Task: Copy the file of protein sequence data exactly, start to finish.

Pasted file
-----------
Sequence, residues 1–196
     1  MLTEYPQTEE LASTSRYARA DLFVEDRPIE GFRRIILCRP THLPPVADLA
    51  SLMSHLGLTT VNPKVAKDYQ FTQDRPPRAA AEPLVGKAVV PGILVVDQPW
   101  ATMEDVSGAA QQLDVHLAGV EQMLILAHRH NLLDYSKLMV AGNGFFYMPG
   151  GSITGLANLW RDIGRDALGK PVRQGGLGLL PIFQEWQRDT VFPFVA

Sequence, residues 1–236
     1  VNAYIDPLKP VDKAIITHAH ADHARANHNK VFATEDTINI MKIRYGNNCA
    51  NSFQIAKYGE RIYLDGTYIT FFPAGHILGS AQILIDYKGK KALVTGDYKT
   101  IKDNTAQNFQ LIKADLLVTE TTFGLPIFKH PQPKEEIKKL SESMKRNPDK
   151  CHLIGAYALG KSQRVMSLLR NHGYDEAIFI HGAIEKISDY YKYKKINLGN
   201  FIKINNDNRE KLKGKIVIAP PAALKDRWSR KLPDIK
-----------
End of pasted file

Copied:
Sequence, residues 1–196
     1  MLTEYPQTEE LASTSRYARA DLFVEDRPIE GFRRIILCRP THLPPVADLA
    51  SLMSHLGLTT VNPKVAKDYQ FTQDRPPRAA AEPLVGKAVV PGILVVDQPW
   101  ATMEDVSGAA QQLDVHLAGV EQMLILAHRH NLLDYSKLMV AGNGFFYMPG
   151  GSITGLANLW RDIGRDALGK PVRQGGLGLL PIFQEWQRDT VFPFVA

Sequence, residues 1–236
     1  VNAYIDPLKP VDKAIITHAH ADHARANHNK VFATEDTINI MKIRYGNNCA
    51  NSFQIAKYGE RIYLDGTYIT FFPAGHILGS AQILIDYKGK KALVTGDYKT
   101  IKDNTAQNFQ LIKADLLVTE TTFGLPIFKH PQPKEEIKKL SESMKRNPDK
   151  CHLIGAYALG KSQRVMSLLR NHGYDEAIFI HGAIEKISDY YKYKKINLGN
   201  FIKINNDNRE KLKGKIVIAP PAALKDRWSR KLPDIK